Amicus brief explains free-speech implications in asset forfeiture action
Filed: Read FAC’s amicus brief
Case: U.S. v. Mongol Nation, Nos. 19-50176, 19-50190
Court: Ninth Circuit U.S. Court of Appeals
About the case: Since 2008, the federal government has waged an unrelenting war on freedom of speech under guise of asset forfeiture. As a result of litigation pursued by FAC’s current legal director in his former position with the ACLU of San Diego & Imperial Counties, the court rejected the government’s unjustified attempt to bootstrap prosecution of individual members of the Mongol Nation motorcycle club into censorship of uncharged members and supporters by confiscating their jackets and vests displaying the club’s logo.
The current appeal stems from criminal prosecution and asset forfeiture proceedings against the Mongol Nation itself. A jury convicted the Mongol Nation of racketeering crimes and issued a special verdict requiring forfeiture of various pieces of property and all of Mongol Nation’s rights and interests in the collective membership trademarks representing its logo. The trial judge, however, twice blocked the government from seizing the Mongol Nation’s intellectual property on First Amendment and other grounds. The government appealed, seeking what it calls forfeiture of “narrowly-defined intellectual property rights.”
Our position: The Ninth Circuit should affirm the district court’s order blocking the government from seizing the Mongol Nation’s collective membership trademarks. FAC takes no position on the underlying criminal convictions also at issue on appeal.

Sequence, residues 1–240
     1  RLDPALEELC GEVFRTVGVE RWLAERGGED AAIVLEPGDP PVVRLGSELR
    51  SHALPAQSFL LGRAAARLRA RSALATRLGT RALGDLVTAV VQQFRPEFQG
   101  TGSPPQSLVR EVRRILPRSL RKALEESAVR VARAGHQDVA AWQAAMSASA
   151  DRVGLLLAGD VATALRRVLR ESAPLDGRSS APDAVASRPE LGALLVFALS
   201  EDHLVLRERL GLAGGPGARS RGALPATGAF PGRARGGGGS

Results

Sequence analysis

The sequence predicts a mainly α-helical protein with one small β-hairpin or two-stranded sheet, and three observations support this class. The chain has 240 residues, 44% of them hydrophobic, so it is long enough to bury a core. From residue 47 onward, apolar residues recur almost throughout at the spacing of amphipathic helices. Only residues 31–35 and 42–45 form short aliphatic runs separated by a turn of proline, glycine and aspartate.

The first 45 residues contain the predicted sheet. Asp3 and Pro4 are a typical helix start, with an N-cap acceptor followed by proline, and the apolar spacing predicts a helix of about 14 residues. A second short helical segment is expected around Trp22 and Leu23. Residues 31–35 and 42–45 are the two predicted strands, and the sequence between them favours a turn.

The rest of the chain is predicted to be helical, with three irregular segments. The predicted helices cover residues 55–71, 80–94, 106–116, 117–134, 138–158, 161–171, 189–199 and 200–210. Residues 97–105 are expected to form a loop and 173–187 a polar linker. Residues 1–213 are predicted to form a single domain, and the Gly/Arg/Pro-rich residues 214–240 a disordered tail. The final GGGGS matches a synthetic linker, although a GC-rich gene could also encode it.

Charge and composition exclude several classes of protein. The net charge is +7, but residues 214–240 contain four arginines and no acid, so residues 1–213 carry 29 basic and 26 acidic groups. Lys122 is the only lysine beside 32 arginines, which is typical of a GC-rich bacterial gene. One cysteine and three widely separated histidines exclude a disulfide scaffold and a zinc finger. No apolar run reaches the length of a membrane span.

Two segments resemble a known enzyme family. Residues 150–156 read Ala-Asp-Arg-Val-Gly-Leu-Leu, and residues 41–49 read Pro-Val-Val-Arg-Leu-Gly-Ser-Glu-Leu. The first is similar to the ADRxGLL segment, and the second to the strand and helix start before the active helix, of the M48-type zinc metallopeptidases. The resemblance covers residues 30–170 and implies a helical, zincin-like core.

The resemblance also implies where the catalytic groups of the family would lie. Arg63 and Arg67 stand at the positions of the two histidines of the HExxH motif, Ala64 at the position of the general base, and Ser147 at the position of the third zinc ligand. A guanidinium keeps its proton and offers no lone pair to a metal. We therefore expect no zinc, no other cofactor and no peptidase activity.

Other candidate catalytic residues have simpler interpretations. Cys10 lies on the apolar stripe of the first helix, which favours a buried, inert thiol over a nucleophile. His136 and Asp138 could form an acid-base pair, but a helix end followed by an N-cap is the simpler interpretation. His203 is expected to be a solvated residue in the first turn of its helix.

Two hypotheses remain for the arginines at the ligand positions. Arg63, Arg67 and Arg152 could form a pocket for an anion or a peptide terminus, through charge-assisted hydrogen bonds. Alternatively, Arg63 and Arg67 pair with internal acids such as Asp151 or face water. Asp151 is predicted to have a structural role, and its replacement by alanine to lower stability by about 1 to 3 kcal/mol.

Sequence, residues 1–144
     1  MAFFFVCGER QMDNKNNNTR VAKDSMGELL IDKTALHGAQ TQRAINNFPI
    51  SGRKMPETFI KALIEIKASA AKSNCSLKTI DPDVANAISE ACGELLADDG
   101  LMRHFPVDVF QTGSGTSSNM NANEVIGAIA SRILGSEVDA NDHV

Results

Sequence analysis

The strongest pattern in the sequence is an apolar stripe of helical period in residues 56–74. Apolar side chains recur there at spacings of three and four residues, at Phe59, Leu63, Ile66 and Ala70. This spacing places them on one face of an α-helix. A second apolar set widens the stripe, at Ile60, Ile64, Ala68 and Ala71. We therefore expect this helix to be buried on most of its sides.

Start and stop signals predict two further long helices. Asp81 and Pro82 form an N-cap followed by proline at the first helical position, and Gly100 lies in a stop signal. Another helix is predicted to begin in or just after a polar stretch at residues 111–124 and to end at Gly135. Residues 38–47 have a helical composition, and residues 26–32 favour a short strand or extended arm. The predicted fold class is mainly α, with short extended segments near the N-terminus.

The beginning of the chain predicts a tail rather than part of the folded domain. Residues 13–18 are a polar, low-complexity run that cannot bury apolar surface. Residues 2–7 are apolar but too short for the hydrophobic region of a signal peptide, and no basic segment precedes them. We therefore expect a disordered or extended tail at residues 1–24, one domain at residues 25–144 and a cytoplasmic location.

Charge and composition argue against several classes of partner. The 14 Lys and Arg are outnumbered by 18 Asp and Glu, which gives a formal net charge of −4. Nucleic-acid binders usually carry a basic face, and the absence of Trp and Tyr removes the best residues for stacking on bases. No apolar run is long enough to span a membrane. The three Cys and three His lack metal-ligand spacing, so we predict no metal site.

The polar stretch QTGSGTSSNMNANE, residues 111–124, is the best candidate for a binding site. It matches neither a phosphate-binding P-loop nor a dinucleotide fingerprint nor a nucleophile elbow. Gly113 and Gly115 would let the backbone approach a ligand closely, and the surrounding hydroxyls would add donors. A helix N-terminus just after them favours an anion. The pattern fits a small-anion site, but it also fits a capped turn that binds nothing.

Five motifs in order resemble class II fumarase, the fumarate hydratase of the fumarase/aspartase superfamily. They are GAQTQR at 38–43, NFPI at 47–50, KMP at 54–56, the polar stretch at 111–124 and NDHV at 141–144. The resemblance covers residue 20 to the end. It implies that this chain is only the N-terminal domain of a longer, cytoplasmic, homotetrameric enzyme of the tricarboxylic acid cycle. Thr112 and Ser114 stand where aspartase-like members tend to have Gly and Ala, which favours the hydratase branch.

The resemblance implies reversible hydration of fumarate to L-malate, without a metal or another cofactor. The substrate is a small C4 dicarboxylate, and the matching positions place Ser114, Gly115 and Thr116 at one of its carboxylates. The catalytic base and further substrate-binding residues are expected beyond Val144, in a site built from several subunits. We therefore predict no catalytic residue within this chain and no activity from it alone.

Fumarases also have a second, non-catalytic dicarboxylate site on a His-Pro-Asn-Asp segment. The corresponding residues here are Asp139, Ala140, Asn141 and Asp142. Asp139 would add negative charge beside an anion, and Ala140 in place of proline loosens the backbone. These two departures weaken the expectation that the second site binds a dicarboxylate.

From the brief: “Without a strong command from this Court, other law enforcement agencies may be tempted to replicate the government’s attempted abuses by exploiting forfeiture powers in similar prosecutions where the accused individuals have no standing or incentive to defend the constitutional rights of third parties,” FAC Legal Director David Loy wrote the amicus brief. “Those third parties would risk standing undefended at the government’s mercy, especially if they are low-income people of color without ready access to counsel, unlike the ‘unions, churches, sports leagues, and fraternities’ against whom the government has not sought forfeiture of trademarks or symbols.”
FAC is joined in the amicus brief by California Attorneys for Criminal Justice.
Date filed: April 27, 2022
Update: On January 6, 2023, the U.S. Court of Appeals for the Ninth Circuit affirmed the district court’s decision, holding that the proposed forfeiture was inconsistent with the statute under which the government sought forfeiture.
More: Read more about the long-running case and the free speech implications on ACLU’s website.